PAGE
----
More bad news has just come in for the tablet market as large smartphones are becoming do-all devices. PCs aren't safe, either.
Q2 2015 worldwide tablet shipments have fallen 11% year-over-year to 42.5 million units, according to new numbers from consultant and analyst Canalys.
The problems affecting the market aren't going away either. The analyst thinks that a new wave of Windows 10 two-in-one combination devices is poised to grab market share.
Tablet demand for business use has some legs, though. As does the lust for premium devices, such as the iPad in established markets. That area has slowed, but hasn't disappeared and isn't likely to, according to one analyst.
"Unlike consumers, businesses have been slow when it comes to mass adoption of tablets," Tim Coulling, a Canalys Senior Analyst, said on the company's website.
Coulling says businesses are willing to spend more on things that "satisfy a specific need and meet key requirements." Requirements might include durability, for example.
Large-screened smartphones are a cause for the decline.
Tablet sales in high-growth markets are "dwindling as large-screen smartphones grow in popularity," the Los Angeles Times writes in an article about the Canalys numbers. The large-screen smartphone devices are "buyers' first Internet-enabled devices of choice," Canalys says.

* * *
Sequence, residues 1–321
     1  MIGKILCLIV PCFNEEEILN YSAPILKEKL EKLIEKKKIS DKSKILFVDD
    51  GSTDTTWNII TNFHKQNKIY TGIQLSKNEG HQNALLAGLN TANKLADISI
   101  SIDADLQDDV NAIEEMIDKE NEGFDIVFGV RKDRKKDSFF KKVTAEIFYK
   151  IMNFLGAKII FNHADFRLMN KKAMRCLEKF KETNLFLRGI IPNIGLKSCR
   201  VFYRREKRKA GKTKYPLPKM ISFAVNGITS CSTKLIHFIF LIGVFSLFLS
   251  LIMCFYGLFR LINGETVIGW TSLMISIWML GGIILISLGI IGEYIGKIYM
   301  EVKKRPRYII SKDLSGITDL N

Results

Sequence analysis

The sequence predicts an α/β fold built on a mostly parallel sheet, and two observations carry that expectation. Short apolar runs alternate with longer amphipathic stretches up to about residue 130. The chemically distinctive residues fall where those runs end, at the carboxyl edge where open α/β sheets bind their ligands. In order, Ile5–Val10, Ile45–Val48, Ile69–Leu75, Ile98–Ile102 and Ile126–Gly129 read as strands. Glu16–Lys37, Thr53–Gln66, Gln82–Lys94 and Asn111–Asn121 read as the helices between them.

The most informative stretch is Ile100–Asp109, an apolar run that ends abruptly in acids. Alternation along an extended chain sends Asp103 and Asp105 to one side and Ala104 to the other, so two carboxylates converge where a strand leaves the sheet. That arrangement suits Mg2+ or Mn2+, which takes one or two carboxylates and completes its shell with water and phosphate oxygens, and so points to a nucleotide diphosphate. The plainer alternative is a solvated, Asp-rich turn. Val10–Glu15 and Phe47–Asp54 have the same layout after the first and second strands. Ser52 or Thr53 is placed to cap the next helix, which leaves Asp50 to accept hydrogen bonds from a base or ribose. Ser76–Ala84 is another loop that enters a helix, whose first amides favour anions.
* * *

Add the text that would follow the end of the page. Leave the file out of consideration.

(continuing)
I've written about the demise of the traditional small-screened smartphone before in "Phablets to replace smartphones, implies new survey,"
In that May 2015 survey, Kantar Worldpanel, a market researcher said that it had found that large smartphones had grabbed a 21% U.S. market share in Q1 2015.
Why the move from small smartphones? Hybrid tablet/smartphones, called phablets have a larger screen so they can be better for games and work. It's easier to read and work on documents.
Larger phones also have more space for components—meaning they can be more powerful.
But it was screen size that was the main reason for purchasing a particular smartphone in the Kantar Worldpanel survey. Both Apple and Android buyers said then that it was the main reason, the survey found.
One can assume that this shift towards larger screens in phones means tablets ultimately become redundant.
But PCs have also seen a slowdown lately. Global PC shipments fell 7% in Q1 2015, Canalys said in May. Those statistics included tablets.
The reasons, Canalys stated then, included that the desktop market was no longer benefiting from shipments driven by XP migration.
"As a result, we expect to see significant shipment declines in 2015 when compared to 2014," Rushabh Doshi, a Canalys Analyst, said on its website.
Other reasons that came in to play included inventory issues related to some screen sizes, according to Canalys. Windows 10 anticipation, with its free upgrade plans, was another.
But numbers and theory aside, a perusal of fellow workers, commuters, and friends' connectivity habits (in mature markets) has to reinforce the idea that large-screened smartphone is becoming a go-to gadget.
And as the price of the devices comes down—as they are—I see no reason, as I look to my left-and-right, why this trend won't continue. Watch out PCs and tablets.
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